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TOPIC: Difference between a hogget and a 2 tooth

Difference between a hogget and a 2 tooth 27 Apr 2011 22:38 #27089

  • beaker
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Hi, all can anyone describe the difference between the two, my daughter needs to know for part of her studies and there seems to be some debate as to the answer so come on all you sheep people please advise
thanks
cheers
Beaker
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Difference between a hogget and a 2 tooth 27 Apr 2011 23:13 #374193

  • LongRidge
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That's an easy question to get right. A hogget is whatever you say it is, and a 2-tooth is a sheep that only has the first set of (2) adult teeth. A hogget can be a 2-tooth but a 2-tooth is not a hogget if your definition does not include it.
From "Black's Veterinary Dictionary", by Miller WC and West GP, 3rd ed 1953, Adam and Charles Black, London, p908
Birth to weaning: Male uncastrated - tup lamb, ram lamb, pur lamb, heeder
Birth to weaning: Male castrated - hogg lamb
Birth to weaning: Female - ewe lamb, gimmer lamb
Weaning to shearing: Male uncastrated - hogg, hogget, haggerel, hoggerel, tup teg, ram hogg, tup hogg
Weaning to shearing: Male castrated - wether hogg, wedder hogg, he teg
Weaning to shearing: Female - Hogg, gimmer hogg, hogget, ewe hogg, sheeder ewe, ewe teg
First to second shearing: Male uncastrated - shearing,shearling, shear hogg, diamond ram, diamont ram tup, one-shear tup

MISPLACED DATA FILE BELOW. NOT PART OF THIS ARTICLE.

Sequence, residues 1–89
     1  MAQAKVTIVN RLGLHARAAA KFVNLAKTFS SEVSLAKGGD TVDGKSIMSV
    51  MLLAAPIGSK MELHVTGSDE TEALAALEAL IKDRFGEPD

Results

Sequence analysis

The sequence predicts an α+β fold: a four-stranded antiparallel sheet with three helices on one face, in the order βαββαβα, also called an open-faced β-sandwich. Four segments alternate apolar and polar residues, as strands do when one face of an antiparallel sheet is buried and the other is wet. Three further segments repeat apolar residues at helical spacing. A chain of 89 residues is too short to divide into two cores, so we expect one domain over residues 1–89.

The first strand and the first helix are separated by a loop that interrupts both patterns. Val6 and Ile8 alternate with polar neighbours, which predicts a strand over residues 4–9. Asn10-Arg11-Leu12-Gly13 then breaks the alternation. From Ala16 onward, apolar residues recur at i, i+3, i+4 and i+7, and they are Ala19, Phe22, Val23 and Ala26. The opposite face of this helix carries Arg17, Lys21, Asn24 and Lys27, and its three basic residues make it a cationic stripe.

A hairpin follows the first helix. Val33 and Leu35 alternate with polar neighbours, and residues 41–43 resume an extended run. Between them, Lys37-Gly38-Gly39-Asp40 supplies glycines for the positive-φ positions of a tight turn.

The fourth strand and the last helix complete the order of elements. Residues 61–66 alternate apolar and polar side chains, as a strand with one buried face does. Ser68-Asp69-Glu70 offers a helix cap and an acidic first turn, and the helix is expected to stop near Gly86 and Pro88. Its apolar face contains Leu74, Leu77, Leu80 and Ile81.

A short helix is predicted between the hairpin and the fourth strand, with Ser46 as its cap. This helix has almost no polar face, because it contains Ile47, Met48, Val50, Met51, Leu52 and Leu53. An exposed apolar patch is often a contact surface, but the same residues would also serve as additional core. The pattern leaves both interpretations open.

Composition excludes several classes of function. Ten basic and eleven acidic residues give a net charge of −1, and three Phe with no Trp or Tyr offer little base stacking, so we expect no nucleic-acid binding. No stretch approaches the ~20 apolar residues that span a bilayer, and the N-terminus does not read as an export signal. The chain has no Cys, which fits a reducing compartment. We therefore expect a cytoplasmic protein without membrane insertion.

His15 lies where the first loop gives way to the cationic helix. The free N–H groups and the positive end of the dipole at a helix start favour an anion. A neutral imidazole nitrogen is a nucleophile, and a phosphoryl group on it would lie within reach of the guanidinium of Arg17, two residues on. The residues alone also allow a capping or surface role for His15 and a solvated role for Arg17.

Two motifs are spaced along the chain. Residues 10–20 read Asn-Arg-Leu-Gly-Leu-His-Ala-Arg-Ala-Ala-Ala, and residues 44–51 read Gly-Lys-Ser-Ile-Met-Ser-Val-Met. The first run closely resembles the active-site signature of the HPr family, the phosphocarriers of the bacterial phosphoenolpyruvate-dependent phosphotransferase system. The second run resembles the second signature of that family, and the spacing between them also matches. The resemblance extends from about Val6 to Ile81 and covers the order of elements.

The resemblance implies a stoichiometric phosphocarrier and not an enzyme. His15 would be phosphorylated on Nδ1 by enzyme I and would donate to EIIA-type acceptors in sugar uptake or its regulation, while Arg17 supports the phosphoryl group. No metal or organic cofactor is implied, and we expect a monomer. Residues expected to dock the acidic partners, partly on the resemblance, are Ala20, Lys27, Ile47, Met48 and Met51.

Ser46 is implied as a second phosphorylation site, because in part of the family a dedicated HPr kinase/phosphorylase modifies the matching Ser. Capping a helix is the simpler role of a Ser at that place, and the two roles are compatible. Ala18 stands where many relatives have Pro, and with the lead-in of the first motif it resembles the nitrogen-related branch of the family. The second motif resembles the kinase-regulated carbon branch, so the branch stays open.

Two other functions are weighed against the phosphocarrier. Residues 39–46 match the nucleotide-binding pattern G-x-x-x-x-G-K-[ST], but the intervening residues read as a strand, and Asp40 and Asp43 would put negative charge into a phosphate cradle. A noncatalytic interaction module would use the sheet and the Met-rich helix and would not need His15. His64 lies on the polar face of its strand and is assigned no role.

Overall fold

First to second shearing: Male castrated - shearing wether, shear hogg, wether hogg, wedder hogg, 2-tooth wether
First to second shearing: Female - shearing ewe, shearling gimmer, theave, double-toothed ewe, gimmer

I trust that this clears up the issue, and you now know exacly what is being talked about :-)
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Difference between a hogget and a 2 tooth 27 Apr 2011 23:31 #374195

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lol thanks Longridge clear as mud
cheers
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Difference between a hogget and a 2 tooth 27 Apr 2011 23:40 #374196

  • Kiwi303
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2-tooth, has more than 1 tooth, but less than 3 teeth :D

Basically put it's lost the first set of baby teeth and has it's first set of adult teeth, graduating from high value lamb to cheap mutton.

Hogget, anything over lamb but under old ewe. Unlike 2-tooth which has a fixed start point and a fairly closed end point when the next teeth come out. Hogget just means anything from off it's mum right up to nearly geriatric. It's like a Heifer, you can have a 10 year olf heifer if it's never had any calves, since a heifer is a maiden cow which has yet to have it's first calf.
Likewise Hogget starts when it's no longer a baby, and continues until the farmer thinks it's about dang time to start calling it a sheep.

hope this helps :D
You Live and Learn, or you don't Live Long -anon
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Difference between a hogget and a 2 tooth 28 Apr 2011 11:43 #374207

  • Ronney
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Beaker, traditionally last years lambs will become hoggets as soon as the first lamb of this season in born i.e. a year old.

The situation becomes confusing because sheep will cut their first set of teeth anywhere between approx. 14 months and 20 months of age which puts them as 2ths i.e. rising 2 year olds.

It further becomes confusing because works will accept any animal as a lamb regardless of it's age if it hasn't cut it's first two adult teeth.

For the purpose of ageing I use the following criteria.

Lamb - well, is a lamb
Year old - Hogget
Two Teeth - Two years old, 2th
Four Teeth - Three years old, 4th
Six Teeth - Four years old, 6th

Anything past that is known as Full Mouth or Aged.

Does that help or confuse the issue even further? :p

Cheers,
Ronnie